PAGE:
When it comes to automotive Lego kits that aren’t the super-detailed ones costing upwards of $350, the level at which they actually resemble the car they’re based on can be hit or miss. Land Rover Defender and Dominic Toretto’s Dodge Charger? Hits. Ferrari 488 GTE? Meh. Lego’s latest car kit, however, thankfully replicates a vehicle that’s both blocky enough to lend well to a brick-based recreation and happens to be a proper automotive–nay, cultural–icon: the Volkswagen T2 Camper Van.
As we’ve come to expect from Lego, there are quite a few nifty details on display here including functional steering and a sliding door that actually opens, as well as curtains and a pop-up tent made of soft textile pieces. Lego says the specific tire shape used here is a new design for the toy brand.
The kit will also come with the necessary pieces to build yourself an accompanying surfboard and two folding chairs as well as “flower-power” love-and-peace stickers to complete the van’s quintessentially ’60s look. There’s even a little kitchen on the inside with a tiny sink, a tiny fridge, a tiny stove, and a tiny kettle.
A Lego potted cannabis plant, however, is not included and is unlikely to exist at all, at least, officially. But, for what it’s worth, whoever’s responsible for selecting the human models and backdrops for Lego’s photoshoots is doing an A-plus job.
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Van Zyl led Toyota’s European operations, which include Russia, Turkey, Israel and central Asian countries, from 2015 until April, when he was succeeded by sales and marketing chief Matthew Harrison.
Under van Zyl’s strategic and operational leadership, Toyota Europe delivered sustained business results, with sales passing the one-million mark in 2019 for the first time in 10 years and market share exceeding 6 percent in 2020.
Toyota was a leader in CO2 emissions with a lineup of hybrid powertrains that was expanded under van Zyl. During his tenure, the automaker expanded its production sites and added products in Russia, Poland, Turkey and France. Toyota took sole ownership of a joint venture plant with PSA Group in Kolin, Czech Republic, in January.
Van Zyl announced in 2018 that Toyota would discontinue diesel powertrains from the automaker’s passenger car lineup, with the exception of the Land Cruiser large SUV and the Hilux pickup.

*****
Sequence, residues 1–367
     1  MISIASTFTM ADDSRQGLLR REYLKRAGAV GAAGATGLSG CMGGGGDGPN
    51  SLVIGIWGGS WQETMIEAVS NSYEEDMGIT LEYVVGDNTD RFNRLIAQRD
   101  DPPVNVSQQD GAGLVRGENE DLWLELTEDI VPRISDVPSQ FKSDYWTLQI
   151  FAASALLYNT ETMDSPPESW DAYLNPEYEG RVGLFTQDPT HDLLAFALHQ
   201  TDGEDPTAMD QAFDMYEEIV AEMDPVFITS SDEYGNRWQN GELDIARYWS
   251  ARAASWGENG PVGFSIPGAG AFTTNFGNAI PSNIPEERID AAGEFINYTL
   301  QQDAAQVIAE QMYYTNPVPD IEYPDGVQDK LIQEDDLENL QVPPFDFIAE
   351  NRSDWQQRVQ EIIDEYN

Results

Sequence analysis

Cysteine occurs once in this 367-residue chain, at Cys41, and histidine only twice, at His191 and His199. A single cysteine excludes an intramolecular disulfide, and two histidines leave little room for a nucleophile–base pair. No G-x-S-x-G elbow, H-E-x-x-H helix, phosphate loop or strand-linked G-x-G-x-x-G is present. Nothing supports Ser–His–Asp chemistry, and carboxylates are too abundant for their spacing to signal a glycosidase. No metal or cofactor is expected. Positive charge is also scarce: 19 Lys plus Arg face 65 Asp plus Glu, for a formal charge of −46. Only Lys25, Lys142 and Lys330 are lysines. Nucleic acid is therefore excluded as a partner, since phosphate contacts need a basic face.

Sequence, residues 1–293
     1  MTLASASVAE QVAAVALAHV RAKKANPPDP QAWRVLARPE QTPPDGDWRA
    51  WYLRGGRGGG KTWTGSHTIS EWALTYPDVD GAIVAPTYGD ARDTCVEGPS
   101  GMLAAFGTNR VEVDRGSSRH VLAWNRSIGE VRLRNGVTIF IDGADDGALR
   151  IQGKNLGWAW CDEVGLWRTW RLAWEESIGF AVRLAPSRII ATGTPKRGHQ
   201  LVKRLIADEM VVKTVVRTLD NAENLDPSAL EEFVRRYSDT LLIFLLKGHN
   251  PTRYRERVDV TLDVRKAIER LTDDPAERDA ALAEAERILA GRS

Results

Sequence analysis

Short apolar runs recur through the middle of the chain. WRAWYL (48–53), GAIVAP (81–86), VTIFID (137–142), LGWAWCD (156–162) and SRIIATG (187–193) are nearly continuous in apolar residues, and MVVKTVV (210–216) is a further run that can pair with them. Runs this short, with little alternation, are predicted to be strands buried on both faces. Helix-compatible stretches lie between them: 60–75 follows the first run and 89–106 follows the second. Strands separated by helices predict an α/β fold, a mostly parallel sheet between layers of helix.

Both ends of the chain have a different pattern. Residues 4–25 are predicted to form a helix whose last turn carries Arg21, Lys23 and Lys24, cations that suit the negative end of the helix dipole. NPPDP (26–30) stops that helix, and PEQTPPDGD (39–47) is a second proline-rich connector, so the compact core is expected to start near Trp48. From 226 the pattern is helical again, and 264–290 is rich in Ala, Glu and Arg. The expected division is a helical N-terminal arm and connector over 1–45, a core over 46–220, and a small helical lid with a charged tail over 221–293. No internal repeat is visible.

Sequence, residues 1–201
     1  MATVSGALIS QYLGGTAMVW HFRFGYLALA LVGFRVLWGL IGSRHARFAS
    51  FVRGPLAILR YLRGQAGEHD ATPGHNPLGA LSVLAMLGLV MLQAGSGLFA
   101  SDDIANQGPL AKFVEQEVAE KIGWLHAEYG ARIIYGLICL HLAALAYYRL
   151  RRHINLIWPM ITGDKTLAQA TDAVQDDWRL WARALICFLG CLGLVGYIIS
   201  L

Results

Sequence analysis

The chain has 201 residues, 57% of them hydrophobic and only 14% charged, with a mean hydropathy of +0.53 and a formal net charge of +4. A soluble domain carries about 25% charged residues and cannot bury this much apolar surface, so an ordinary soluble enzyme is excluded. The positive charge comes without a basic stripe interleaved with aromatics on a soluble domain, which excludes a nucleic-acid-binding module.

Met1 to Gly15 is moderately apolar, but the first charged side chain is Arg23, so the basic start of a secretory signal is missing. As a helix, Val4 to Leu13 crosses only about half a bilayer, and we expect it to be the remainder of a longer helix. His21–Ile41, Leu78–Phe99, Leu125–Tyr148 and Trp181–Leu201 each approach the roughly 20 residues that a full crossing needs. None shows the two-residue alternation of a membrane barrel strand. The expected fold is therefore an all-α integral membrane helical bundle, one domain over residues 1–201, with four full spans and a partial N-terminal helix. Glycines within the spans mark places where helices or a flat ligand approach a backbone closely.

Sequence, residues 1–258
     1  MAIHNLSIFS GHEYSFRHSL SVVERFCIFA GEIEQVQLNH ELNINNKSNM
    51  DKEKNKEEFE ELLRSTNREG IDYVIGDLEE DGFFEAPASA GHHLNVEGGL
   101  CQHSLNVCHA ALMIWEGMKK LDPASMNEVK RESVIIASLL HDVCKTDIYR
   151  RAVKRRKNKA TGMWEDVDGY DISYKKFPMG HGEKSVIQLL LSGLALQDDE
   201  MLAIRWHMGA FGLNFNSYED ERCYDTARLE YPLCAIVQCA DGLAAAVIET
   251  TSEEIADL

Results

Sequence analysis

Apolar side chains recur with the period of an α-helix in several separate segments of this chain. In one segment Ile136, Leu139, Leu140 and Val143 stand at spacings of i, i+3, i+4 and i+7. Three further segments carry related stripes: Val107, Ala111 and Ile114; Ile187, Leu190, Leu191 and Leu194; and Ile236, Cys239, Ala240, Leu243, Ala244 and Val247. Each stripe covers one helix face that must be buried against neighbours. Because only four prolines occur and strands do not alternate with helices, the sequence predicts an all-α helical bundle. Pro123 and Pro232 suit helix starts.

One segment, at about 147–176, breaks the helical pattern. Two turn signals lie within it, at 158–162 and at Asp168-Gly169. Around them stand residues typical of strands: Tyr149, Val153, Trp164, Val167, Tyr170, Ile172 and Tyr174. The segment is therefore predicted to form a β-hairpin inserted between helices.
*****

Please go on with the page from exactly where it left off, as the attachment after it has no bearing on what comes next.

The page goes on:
In leaving Toyota Europe, van Zyl said: “What I am most satisfied about is the very strong team we have here in Europe. With such great people across the Toyota European organization, with such talent and passion, there won’t be any disruption in the transformation we have embarked upon, and I have no doubt Toyota will do very well under Matt’s [Harrison] leadership.”
Harrison said recently that he saw no reason to sharply change course as CEO of Toyota Europe.
“I’ve worked incredibly closely with van Zyl for the last few years,” Harrison told Automotive News Europe in an interview. “So, I would like to think I have already had a lot of opportunity to offer input into our strategy, and I didn’t feel the need to scrap everything anything and rebuild. That element of my strategy was more about a seamless transition and continuity.”
A 12-year-old Massachusetts child getting off a school transport vehicle was rushed to a Worcester hospital Friday afternoon after being struck by another vehicle. Police said the boy was struck around 3:45 p.m. after getting off the transport van on Pleasant Street near Tarrytown Lane.Neighbors said the driver of the vehicle, a landscaping van, immediately stopped, and appeared to be distraught following the crash. Witnesses said the child appeared to have a head injury but was conscious and moving. A pair of sneakers remained in the street following the crash. Police said the 12-year-old got off a school bus and then attempted to cross Pleasant St. when he was struck by the vehicle. Police were asking neighbors in the area for any surveillance video they might have of the incident. Neighbors described the road as a race track and said it has blind spots drivers may not be aware of.